Confidential Incident Reporting & Analysis System

From Wikipedia, the free encyclopedia
Jump to: navigation, search
Confidential Incident Reporting & Analysis System
Ladbroke Grove rail crash memorial - geograph.org.uk - 677271.jpg
Ladbroke Grove rail crash memorial commemorating the 31 people who died near this spot in October 1999
Abbreviation CIRAS
Formation 1996 (1996)
Founder ScotRail
Type Confidential safety reporting service
Purpose Provides a reporting process for rail workers to report incidents or concerns about facilities, equipment, conditions, or procedures
Region
United Kingdom
Official language
English

The Confidential Incident Reporting & Analysis System (CIRAS) is a confidential safety reporting service for all workers in the United Kingdom rail industry. It operates under the oversight of the independent CIRAS Committee which is a unit of the Rail Safety and Standards Board (RSSB). Committee membership includes members from multiple interested parties: the British rail industry sectors (freight, infrastructure, Network Rail, passenger services, and LUL), the RSSB, the British rail unions, and individuals with special expertise from industry and academia. The service is funded by the rail industry, contractors, and all rail companies.[1][2]

History[edit]

CIRAS was originally created in 1996 by a team from Strathclyde University. Other rail lines expressed interest in the project and several rail lines in Scotland voluntarily joined the system. After the Ladbroke Grove rail crash in 1999, John Prescott mandated that all mainline rail in the UK come under CIRAS effective in 2000.[2] From 2001 until 2009, the CIRAS Charitable Trust provided funding for operations.[3] It now provides services to all rail workers and operating sectors throughout England, Scotland and Wales.[1][4]

Operation[edit]

CIRAS provides a reporting process for rail workers to report incidents or concerns about facilities, equipment, conditions, or procedures. CIRAS provides no-charge contact solution for rail industry employees to report concerns by telephone call, texting, postal notification, or Internet web submission. A CIRAS investigator collects further information for each report and works to see that it is as anonymous as possible.[5] These reports are sent to the responsible rail company for review, action, and response. Reports are categorized by operational function, location, and theme or topic.[2][5] Analyzed reports are published by CIRAS in its Sector Reports. CIRAS is responsible for notifying the original reporter of the resolution of the problem. Selected reports are also published in the bi-monthly CIRAS Newsletter.[1]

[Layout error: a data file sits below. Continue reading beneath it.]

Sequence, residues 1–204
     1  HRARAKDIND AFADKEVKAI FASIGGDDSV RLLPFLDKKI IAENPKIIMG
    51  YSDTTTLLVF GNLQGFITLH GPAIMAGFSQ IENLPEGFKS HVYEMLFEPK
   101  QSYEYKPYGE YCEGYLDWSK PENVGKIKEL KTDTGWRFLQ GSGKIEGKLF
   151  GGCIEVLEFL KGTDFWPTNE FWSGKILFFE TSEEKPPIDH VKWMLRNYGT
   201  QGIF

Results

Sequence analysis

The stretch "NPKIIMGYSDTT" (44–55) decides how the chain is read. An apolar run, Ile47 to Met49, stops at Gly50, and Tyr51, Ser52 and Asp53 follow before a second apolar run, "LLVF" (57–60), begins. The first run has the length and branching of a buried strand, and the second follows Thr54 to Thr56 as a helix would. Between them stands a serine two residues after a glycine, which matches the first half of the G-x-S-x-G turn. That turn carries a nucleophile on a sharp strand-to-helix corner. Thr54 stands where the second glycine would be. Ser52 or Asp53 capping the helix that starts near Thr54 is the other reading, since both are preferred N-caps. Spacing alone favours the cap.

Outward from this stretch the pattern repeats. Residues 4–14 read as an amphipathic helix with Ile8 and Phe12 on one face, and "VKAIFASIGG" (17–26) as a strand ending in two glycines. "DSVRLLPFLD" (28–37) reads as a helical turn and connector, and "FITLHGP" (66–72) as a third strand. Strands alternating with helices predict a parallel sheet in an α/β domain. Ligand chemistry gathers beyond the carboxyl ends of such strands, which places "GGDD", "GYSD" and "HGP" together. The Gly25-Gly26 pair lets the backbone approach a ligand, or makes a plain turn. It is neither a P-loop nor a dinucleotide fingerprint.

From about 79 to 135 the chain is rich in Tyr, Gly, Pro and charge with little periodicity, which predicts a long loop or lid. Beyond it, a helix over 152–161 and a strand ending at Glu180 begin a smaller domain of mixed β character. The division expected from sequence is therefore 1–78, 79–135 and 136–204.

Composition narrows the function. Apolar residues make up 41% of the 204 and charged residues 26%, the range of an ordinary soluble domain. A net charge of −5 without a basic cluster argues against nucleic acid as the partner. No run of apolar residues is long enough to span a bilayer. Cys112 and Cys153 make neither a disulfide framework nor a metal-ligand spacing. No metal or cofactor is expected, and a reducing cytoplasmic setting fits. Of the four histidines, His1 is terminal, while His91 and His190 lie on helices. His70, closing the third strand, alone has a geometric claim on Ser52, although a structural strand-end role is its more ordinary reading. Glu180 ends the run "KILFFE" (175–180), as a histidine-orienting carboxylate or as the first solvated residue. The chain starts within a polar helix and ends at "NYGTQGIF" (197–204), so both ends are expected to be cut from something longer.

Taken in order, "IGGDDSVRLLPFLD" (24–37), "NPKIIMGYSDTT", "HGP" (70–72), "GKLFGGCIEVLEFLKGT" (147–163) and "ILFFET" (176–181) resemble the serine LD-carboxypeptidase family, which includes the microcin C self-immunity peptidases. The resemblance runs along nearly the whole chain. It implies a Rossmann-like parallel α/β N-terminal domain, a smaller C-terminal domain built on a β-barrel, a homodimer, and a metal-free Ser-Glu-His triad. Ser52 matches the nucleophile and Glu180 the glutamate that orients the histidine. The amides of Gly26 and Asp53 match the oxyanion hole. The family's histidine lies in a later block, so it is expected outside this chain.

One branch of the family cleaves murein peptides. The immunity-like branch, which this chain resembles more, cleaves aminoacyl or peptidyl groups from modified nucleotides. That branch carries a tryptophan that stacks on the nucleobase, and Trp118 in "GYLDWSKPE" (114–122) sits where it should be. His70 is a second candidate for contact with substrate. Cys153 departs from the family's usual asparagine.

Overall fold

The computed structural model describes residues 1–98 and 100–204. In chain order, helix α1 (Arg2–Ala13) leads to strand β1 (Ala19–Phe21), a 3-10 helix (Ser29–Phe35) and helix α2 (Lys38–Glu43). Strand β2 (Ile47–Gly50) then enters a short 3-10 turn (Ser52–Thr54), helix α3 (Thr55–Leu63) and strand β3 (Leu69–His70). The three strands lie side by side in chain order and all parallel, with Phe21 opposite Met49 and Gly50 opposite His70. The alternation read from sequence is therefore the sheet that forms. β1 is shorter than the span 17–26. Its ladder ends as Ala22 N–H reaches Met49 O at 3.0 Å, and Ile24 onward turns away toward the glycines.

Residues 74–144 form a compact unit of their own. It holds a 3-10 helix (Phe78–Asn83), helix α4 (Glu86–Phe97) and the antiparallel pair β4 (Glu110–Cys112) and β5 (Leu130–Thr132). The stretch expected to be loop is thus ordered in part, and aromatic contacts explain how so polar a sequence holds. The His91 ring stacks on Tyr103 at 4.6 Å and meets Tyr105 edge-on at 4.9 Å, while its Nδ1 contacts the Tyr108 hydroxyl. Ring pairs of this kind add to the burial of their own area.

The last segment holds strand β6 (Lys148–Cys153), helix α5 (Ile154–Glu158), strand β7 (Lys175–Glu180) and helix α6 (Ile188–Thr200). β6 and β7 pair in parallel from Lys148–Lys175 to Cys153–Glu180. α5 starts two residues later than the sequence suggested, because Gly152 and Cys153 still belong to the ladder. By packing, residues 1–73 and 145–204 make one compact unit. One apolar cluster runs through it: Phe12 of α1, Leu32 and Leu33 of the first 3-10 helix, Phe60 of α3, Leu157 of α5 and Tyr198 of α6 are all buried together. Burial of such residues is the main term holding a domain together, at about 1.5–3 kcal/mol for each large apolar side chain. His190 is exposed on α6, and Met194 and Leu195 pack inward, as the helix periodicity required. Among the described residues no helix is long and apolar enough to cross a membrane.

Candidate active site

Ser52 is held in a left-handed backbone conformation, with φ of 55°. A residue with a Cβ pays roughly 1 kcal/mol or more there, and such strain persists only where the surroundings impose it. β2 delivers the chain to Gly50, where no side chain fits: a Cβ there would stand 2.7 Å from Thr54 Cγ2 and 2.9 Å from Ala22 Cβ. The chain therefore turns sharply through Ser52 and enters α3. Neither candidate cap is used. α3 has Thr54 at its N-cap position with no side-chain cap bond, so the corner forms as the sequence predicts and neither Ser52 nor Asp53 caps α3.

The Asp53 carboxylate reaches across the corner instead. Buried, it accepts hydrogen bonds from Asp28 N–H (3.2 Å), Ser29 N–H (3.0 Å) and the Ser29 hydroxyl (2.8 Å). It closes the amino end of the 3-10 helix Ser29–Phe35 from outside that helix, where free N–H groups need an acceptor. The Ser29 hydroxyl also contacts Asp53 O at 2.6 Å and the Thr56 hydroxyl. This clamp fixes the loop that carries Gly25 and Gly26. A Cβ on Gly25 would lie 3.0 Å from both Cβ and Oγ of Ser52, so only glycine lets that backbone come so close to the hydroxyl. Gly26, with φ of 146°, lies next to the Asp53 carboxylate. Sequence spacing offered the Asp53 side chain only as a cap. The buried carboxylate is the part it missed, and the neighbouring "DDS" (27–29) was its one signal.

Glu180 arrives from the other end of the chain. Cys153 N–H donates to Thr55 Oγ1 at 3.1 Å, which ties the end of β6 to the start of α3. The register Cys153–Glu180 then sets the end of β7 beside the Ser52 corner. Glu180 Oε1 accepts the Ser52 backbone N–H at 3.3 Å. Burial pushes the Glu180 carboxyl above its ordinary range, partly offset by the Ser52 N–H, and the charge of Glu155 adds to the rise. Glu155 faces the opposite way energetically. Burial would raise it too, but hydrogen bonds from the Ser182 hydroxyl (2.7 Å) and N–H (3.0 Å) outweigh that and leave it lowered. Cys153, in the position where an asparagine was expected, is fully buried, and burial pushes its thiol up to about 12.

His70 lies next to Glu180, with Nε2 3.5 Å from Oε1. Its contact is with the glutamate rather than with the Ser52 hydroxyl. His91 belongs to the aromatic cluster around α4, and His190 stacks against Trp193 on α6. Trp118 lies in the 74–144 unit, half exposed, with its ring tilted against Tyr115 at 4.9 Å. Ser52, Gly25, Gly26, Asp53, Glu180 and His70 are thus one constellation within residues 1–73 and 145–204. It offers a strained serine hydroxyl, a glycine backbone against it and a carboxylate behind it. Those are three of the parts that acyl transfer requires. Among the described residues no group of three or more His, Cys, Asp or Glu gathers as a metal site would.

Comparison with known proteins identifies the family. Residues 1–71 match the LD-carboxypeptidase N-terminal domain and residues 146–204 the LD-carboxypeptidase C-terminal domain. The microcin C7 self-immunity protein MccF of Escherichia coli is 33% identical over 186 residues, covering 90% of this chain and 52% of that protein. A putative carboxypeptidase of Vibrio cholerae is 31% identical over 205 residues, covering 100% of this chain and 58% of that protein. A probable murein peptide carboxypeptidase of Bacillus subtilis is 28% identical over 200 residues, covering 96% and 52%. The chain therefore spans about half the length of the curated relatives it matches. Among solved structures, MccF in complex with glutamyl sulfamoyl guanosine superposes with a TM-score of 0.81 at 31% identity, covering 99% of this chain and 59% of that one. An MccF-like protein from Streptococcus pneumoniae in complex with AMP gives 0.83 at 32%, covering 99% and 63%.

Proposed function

Significance[edit]

CIRAS is recognized as creating one of the safety industries taxonomies to classify human error and accidents.[6][7] It is an example of a reporting system which collects reports, including "near-misses", as a means of prevention instead of reporting only adverse outcomes.[8][9]

See also[edit]

Sources[edit]

References[edit]

  1. ^ a b c "CIRAS - the rail industry's confidential reporting system". Retrieved 2013-03-14. 
  2. ^ a b c Improving Safety-related Rules Compliance in the Public Transportation Industry, p. PA105, at Google Books ISBN 030921355X
  3. ^ "The Ciras Charitable Trust". Retrieved 2013-03-14. 
  4. ^ 38 Rail Human Factors: Supporting the Integrated Railway, p. Chapter 38, at Google Books ISBN 0754643824
  5. ^ a b "CIRAS - the rail industry's confidential reporting system". Retrieved 2013-03-14. 
  6. ^ Wallace,B, and Alastair Ross. Beyond Human Error: Taxonomies and Safety Science; (CRC Press 2006).
  7. ^ "Working to rule, or working safely? Part 1: A state of the art review". Safety Science. 55: 207–221. doi:10.1016/j.ssci.2012.05.011. 
  8. ^ "A Review of Medical Error Reporting System Design Considerations and a Proposed Cross-Level Systems Research Framework". Retrieved 2013-03-14. 
  9. ^ 39 Rail Human Factors: Supporting the Integrated Railway, p. Chapter 39, at Google Books ISBN 0754643824

External links[edit]

  • Official website
  • "Impact of CIRAS". CIRAS Steering Committee. 28 March 2003. Retrieved 2013-03-14. 
  • CHIRP
    • CHIRP for Aviation – Confidential Human Factors Incident Reporting Programme
    • CHIRP for Maritime – Confidential Hazardous Incident Reporting Programme